The latest news, which I think you know – Danny just agreed to join our board of directors. So we’re the only asset-manager in the world where Danny Kahneman has actually been willing to lend his name and credibility to an asset-management firm.

Jack Chee: So, you’ve built this collaborative team kind of slow-thinking structure. Really what I think what’s clear to us is it’s not really the “Scott Minerd Show.” Right? It’s not you sitting in an office saying, “Duration should be XYZ.”

Scott Minerd: Yes. Just don’t tell my partners.

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Each fund’s investment objectives, risks, charges, and expenses must be considered carefully before investing. The prospectus and summary prospectuses contain this and other important information about the investment company, and it may be obtained by calling (800) 960-0188 or visiting www.mastersfunds.com. Please read it carefully before investing.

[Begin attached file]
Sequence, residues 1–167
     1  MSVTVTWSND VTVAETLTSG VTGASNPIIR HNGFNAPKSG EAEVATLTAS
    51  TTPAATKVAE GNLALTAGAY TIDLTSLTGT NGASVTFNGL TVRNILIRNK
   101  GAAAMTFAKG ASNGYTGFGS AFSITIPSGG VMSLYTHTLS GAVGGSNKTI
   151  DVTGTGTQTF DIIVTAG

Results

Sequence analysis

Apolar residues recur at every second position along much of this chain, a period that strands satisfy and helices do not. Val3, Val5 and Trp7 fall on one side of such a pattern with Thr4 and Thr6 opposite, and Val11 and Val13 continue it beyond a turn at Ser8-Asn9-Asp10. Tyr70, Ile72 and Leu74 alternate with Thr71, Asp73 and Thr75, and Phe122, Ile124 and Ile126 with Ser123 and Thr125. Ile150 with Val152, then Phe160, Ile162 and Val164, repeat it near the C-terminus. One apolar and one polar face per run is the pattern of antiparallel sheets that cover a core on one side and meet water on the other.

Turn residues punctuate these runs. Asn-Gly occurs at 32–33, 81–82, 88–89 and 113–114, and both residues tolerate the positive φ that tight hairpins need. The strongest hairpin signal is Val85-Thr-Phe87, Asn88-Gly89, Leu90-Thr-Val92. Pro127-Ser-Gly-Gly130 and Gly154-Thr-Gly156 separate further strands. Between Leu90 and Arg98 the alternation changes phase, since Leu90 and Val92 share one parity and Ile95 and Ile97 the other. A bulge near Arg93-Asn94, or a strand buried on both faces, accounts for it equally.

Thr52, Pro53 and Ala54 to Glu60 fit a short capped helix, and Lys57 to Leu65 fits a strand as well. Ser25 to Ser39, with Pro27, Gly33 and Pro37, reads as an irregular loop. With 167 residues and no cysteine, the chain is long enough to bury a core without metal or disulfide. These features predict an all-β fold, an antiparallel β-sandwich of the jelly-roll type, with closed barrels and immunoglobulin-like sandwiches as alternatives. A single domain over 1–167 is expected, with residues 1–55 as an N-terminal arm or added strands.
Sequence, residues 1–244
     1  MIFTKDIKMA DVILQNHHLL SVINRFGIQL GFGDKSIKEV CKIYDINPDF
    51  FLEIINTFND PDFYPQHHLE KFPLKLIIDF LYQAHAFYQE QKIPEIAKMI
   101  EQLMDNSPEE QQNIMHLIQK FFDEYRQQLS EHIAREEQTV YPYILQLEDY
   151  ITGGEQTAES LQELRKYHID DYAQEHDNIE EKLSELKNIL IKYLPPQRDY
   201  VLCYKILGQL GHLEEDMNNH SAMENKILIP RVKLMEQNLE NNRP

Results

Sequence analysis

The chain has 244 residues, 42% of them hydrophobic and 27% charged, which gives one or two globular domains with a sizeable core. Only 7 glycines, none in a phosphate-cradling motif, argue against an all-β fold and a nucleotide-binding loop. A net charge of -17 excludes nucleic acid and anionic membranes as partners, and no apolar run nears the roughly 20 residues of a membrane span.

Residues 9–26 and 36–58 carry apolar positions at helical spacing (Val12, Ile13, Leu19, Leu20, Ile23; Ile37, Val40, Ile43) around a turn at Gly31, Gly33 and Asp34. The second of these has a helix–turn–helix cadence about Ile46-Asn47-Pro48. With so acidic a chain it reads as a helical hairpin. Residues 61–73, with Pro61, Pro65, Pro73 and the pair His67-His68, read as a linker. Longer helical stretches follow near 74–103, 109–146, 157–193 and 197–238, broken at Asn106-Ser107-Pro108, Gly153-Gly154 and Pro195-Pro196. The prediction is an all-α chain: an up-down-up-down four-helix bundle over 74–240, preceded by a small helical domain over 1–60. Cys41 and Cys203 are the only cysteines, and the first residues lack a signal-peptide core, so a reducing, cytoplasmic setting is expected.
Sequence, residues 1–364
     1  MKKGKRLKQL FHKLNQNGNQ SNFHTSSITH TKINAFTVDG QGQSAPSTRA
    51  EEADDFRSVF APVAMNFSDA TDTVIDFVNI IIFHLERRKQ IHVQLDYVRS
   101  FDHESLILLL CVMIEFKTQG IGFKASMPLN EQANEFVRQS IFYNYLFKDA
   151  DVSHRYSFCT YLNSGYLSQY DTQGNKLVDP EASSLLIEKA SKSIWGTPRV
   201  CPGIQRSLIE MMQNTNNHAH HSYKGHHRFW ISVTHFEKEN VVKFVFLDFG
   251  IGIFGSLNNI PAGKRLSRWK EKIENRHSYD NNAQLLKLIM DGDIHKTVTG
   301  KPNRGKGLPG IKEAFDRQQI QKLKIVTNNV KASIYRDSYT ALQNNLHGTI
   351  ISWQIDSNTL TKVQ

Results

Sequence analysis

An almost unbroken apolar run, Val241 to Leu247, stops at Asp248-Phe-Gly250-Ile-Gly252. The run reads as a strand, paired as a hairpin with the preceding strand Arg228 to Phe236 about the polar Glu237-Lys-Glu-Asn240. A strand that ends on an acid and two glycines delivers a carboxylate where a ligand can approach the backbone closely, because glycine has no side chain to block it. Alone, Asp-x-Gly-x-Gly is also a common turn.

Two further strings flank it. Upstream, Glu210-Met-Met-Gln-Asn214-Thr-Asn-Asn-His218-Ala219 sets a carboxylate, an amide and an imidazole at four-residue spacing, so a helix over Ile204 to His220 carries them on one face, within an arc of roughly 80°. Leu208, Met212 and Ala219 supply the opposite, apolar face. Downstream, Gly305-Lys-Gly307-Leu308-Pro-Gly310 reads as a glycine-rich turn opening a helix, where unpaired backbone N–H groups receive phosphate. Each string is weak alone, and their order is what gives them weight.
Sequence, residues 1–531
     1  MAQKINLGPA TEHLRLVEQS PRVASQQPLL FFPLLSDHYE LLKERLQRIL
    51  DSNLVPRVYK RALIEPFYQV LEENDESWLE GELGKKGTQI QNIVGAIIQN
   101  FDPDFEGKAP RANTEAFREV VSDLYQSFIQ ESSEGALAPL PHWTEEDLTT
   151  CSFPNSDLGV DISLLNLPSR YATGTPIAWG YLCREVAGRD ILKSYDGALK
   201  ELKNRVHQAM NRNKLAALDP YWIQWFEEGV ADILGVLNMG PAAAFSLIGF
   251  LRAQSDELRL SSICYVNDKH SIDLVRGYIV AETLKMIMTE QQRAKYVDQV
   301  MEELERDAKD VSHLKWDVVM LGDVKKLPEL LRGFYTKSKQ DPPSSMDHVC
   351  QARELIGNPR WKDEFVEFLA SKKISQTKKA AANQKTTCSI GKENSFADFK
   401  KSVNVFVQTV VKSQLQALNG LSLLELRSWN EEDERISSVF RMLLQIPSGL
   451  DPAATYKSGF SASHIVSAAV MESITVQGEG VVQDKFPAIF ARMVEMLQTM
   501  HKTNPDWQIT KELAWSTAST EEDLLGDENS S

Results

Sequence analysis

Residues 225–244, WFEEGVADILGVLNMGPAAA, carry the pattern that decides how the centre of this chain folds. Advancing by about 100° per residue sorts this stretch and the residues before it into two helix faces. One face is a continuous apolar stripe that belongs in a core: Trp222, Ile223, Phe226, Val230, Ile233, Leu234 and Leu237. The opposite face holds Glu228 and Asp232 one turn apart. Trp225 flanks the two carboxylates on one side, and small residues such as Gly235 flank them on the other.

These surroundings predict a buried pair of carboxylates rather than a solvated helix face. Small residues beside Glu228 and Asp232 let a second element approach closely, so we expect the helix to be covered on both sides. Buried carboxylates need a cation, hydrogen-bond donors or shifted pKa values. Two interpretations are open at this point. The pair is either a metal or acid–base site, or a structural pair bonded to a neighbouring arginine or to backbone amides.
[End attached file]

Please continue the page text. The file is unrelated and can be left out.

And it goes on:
Each of the funds may invest in foreign securities. Investing in foreign securities exposes investors to economic, political, and market risks and fluctuations in foreign currencies. Each of the funds may invest in the securities of small companies. Small-company investing subjects investors to additional risks, including security price volatility and less liquidity than investing in larger companies. The International Fund will invest in emerging markets. Investments in emerging market countries involve additional risks such as government dependence on a few industries or resources, government-imposed taxes on foreign investment or limits on the removal of capital from a country, unstable government, and volatile markets. The Alternative Strategies Funds will invest in debt securities. Investments in debt securities typically decrease when interest rates rise. This risk is usually greater for longer-term debt securities. Investments in mortgage-backed securities include additional risks that investor should be aware of including credit risk, prepayment risk, possible illiquidity, and default, as well as increased susceptibility to adverse economic developments. Investments in lower-rated and non-rated securities present a greater risk of loss to principal and interest than higher-rated securities. The Alternatives Strategies Fund will invest in derivatives. Derivatives may involve certain costs and risks such as liquidity, interest rate, market, credit, management, and the risk that a position could not be closed when most advantageous. Investing in derivatives could lose more than the amount invested. The Alternative Strategies Fund may make short sales of securities, which involves the risk that losses may exceed the original amount invested. Merger arbitrage investments risk loss if a proposed reorganization in which the fund invests is renegotiated or terminated. Leverage may cause the effect of an increase or decrease in the value of the portfolio securities to be magnified and the fund to be more volatile than if leverage was not used. Investment in absolute return strategies are not intended to outperform stocks and bonds during strong market rallies.